After a while he was elected to the legislature of Virginia, and remained a member thereof up to the fall of Richmond. He was a warm advocate of the enlistment of slaves in the southern ranks.
(On September 28, 1870, Lee returned home after an evening meeting, but when he attempted to say the mealtime prayer, he could not utter any words. General Lee had sustained a stroke….Many of the medications prescribed were probably homeopathic… Some of the medications on the list are striking, such as the administration of turpentine (a paint thinner) and strychnine (a poison). It is also notable that General Robert E. Lee was prescribed morphine, which, in large enough doses, can cause somnolence and respiratory depression. However, Robert E. Lee remained reasonably alert until the last 24 hours of his life, suggesting that the morphine preparation likely had minimal active ingredient.)
On December 18, 1865, Alfred removed from Richmond to Baltimore, where he soon established himself in a good and lucrative practice, such a one, indeed, as is obtained by few, even after long residence in a city. This he has done in spite of much competition. Thus he has established in his native city, and won respect for it in his own person, in two others.
After his marriage to Miss Adrian, he, in 1851, began the practice of homoeopathy in Wheeling. In December, 1865, Alfred removed to Baltimore, where he soon established himself in a lucrative practice.
He died in Baltimore, February 25, 1880, highly respected and esteemed by a large circle of friends.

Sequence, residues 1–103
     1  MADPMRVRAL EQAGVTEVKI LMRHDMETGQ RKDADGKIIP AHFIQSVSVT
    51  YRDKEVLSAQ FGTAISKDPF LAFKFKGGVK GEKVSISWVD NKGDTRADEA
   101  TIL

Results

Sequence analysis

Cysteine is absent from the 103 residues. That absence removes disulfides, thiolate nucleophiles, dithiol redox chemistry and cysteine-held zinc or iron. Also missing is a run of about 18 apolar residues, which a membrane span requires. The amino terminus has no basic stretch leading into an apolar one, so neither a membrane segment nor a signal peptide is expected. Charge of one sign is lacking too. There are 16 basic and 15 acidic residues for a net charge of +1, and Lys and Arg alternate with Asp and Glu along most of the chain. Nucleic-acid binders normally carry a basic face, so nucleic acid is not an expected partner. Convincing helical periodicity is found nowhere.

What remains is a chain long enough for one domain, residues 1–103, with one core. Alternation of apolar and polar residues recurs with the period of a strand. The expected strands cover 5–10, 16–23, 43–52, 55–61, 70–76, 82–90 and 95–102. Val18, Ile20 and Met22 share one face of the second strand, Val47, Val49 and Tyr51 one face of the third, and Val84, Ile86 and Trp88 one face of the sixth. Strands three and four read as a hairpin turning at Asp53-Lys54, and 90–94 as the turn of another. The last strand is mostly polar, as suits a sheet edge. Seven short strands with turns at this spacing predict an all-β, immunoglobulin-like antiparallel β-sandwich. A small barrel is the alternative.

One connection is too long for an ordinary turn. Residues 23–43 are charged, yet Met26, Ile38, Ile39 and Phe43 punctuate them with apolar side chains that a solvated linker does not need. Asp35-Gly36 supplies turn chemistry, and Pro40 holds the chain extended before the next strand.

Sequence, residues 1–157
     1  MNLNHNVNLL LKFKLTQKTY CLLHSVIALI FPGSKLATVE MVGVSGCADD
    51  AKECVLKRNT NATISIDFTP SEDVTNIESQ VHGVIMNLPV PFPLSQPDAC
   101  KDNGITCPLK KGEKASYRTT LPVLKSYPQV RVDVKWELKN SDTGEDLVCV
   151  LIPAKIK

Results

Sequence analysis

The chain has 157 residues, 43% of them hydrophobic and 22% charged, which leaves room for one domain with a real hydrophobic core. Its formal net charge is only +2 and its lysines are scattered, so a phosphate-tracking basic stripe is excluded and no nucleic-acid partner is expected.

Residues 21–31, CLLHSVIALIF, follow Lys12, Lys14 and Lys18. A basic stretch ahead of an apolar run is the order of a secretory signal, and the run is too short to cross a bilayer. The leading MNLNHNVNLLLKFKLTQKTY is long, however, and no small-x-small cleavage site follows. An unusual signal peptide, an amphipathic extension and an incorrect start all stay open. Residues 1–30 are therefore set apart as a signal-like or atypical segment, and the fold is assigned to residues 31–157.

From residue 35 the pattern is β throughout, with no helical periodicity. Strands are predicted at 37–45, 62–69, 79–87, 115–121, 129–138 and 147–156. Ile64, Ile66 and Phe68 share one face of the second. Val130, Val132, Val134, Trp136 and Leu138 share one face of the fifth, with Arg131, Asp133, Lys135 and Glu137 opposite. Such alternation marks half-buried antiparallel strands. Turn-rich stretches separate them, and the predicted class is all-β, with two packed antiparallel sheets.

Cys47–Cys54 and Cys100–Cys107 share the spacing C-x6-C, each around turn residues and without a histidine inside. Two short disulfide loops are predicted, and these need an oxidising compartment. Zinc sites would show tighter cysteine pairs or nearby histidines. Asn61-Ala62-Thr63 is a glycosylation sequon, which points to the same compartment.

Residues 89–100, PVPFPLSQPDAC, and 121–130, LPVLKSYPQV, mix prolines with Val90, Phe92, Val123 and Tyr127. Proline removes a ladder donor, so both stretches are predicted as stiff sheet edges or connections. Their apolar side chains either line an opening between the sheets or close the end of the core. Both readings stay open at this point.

He has had ten children, five sons and three daughters of whom are living.
of Wheeling, W. Va., was born in that city. Her ancestors were among the first who settled the northern portions of Virginia, bordering on the line of the Blue Ridge mountains. Her father, the late Thomas Hughes, of Wheeling, was held in high esteem, and her brother, Dr. Alfred Hughes, is an eminent physician of Baltimore, Md.
She received a thorough English education, and graduated with the highest honors at a collegiate institution. Her desire for the study of medicine was first awakened by the reading of the medical works in Dr. Hughes’ library.
Although always most eager and earnest in her perusal of such matter, it was long before she entertained the idea of entering upon a regular course of professional study ; and even after having formed the resolution, it was with no definite intention of practicing.
When the thought was first suggested to her mind she did not give it expression. Knowing the prejudice widely entertained against women adopting such an occupation in life, she shrank from the remarks the decision would give rise to ; but her purpose once acknowledged, her determination did not falter, notwithstanding the pressure of opposition.
Having resolved to adopt the medical profession, she commenced her study of medicine in 1855. Attended a course of lectures at the Medical College of Cleveland, O., and later a second course at the Pennsylvania Medical College at Philadelphia, where she graduated in 1860.
After graduating she returned to Wheeling and established herself as a medical practitioner. She is the…. pioneer of her sex in the practice of medicine in the State of Virginia. Although devoted to her profession, in which an extended practice gives many duties, she nevertheless contributes much literary matter to the press, being known both as an authoress and poetess.